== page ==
Elizabeth Bennet and Mr Darcy- the epitome of a love at first sight. Many argue this is the embodiment of a romance novel, infamous and a must read for all. However, I will raise the question: is Pride and Prejudice truly a novel of romance, or the creation of a social realism of 19th century love?


No arguments can be said that the 2005 film adaptation of this well-beloved tale does not make each watcher's heart sore; but, something can be said of the indifference of the original words.


Beginning with the history of the 19th century, middle and upper-class womens’ education from an early age was shaped by their future matrimonial endevours. There was a keen focus on the ‘ornamental parts’ of studies, foreseen as a requirement for girls; these subjects included: French, Italian, music and drawing- what was believed as enough to get a husband. 


Following on to the 19th century literary community, new opportunities began to arise. With the introduction of new copyright laws, female writers from educated backgrounds were granted opportunities of publication. Nevertheless, there were still restrictions for our well-beloved writers. 


Women were required to meet the needs of the circulating libraries- member libraries where you were allowed to borrow popular books for a certain period- and demands from publishers were regarded as the topics of love or an idealised beauty.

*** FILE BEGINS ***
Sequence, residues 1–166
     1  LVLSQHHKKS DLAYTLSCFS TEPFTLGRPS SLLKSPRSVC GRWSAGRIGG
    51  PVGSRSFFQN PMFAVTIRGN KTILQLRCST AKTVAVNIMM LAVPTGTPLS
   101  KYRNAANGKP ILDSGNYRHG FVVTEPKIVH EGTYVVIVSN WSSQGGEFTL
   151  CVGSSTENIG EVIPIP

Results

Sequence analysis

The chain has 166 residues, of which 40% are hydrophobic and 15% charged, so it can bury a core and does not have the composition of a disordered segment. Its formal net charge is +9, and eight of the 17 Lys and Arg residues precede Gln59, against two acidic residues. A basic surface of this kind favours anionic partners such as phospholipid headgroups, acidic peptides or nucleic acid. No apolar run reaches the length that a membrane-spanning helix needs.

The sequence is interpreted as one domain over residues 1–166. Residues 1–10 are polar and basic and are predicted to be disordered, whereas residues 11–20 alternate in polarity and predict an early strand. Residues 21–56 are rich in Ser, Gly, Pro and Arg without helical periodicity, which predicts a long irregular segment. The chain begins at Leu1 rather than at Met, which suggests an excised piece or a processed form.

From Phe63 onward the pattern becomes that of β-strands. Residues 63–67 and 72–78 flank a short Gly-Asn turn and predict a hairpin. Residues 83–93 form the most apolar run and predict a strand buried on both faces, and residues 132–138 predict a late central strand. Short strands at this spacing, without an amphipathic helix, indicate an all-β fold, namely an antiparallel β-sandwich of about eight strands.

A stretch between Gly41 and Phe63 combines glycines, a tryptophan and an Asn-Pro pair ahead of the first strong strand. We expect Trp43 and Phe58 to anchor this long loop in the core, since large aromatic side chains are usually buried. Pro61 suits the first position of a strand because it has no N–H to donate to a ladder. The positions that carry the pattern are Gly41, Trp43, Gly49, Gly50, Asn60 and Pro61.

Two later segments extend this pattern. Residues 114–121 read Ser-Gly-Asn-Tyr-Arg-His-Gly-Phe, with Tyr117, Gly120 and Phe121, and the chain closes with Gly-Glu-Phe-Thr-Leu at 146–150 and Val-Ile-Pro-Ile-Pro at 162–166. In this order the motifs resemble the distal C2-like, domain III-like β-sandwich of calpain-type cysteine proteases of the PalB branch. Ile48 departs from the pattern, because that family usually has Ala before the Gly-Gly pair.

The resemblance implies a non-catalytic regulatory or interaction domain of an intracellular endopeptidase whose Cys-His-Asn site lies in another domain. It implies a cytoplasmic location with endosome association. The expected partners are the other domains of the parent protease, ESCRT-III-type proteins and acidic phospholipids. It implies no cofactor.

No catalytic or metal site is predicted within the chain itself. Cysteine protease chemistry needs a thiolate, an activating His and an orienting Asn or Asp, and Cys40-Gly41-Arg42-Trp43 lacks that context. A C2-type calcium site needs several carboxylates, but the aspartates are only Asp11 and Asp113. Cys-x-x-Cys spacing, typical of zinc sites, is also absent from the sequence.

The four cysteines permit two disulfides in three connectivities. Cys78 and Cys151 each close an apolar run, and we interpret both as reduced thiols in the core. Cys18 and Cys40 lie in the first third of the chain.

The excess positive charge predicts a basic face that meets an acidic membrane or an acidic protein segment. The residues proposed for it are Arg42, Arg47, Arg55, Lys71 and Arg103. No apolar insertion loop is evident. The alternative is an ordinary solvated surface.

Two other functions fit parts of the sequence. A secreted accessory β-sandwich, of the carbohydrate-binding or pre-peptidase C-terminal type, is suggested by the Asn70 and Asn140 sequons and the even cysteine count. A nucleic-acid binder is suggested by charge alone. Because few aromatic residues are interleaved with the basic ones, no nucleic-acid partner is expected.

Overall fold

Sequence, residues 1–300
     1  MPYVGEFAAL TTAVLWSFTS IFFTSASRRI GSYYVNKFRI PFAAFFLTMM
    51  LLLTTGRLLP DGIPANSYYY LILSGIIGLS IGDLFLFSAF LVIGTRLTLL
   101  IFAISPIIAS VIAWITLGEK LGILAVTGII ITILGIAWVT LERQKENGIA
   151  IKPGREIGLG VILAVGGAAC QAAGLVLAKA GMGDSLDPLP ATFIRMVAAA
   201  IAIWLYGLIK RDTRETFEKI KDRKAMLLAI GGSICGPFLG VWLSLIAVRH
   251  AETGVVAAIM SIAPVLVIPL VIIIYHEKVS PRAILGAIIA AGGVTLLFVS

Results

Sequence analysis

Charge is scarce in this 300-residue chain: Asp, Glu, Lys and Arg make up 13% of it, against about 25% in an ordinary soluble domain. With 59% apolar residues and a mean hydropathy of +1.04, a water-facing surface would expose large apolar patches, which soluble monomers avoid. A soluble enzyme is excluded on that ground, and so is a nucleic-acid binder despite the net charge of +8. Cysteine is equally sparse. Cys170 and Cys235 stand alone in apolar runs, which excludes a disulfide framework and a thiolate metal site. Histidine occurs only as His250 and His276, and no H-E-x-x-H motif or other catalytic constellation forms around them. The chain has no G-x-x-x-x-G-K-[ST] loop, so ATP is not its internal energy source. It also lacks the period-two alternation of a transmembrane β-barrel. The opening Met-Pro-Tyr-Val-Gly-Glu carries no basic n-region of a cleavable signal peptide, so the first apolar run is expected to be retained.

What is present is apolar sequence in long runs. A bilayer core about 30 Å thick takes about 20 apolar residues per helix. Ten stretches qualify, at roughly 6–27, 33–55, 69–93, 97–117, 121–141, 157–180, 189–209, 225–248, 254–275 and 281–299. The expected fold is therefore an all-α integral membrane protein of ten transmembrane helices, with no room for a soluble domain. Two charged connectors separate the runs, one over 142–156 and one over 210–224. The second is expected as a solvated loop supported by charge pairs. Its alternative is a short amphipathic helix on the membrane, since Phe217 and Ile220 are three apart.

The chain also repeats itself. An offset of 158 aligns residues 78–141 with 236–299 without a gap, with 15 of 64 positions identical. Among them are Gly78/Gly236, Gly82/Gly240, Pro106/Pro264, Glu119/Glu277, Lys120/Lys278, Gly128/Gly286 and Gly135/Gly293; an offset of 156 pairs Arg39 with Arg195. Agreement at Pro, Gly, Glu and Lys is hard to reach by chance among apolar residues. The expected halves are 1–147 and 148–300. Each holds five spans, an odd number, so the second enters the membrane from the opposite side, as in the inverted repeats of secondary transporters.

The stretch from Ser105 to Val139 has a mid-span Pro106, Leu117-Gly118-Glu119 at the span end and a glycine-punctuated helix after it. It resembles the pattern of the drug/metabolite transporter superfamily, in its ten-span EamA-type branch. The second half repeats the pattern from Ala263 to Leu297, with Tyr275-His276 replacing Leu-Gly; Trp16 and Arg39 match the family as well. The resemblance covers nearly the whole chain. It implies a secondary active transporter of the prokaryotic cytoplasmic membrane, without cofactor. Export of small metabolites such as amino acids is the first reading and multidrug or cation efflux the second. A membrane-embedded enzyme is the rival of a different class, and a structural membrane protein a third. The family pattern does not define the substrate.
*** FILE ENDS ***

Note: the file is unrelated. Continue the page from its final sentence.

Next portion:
Back to the topic of Pride and Prejudice, romance was not regarded as relevant for a 19th century relationship. Marriages were business transactions; dowries and all! With regards to Mrs Bennet insisting on her daughters marrying well-counted men, this was all common for the time. Jane Austen did not create the beginning of her cherished characters Jane and Mr Bingley’s love solely off starry eyes, the family also needed the marriage to provide for the family’s future, the daughters’ futures. If the elder sister married adequately, this would allow the latter to flourish with their choices.


Focusing on Elizabeth Bennet and Mr Darcy, their love took motion in a ball- the meeting place for many middle and upper class couples. Mr Darcy was desirable; with his mere £10,000 a year, all eyes were set on him for the marriage. If they did not acquire these yearly funds, would Mr and Mrs Bennet grant their daughter the marriage of this man?


The answer: most likely, no!


Austen created her novels on the basis of social realism, what she knew, what she saw. From a middle-class background, Austen was surrounded with the Bennet’s background of life. If Austen was writing a 21st century romance, we could say the tale would be most different. However, with Austen’s novel world renowned for its impeccable language development and character creations, would any reader really feel it necessary to change our loved story?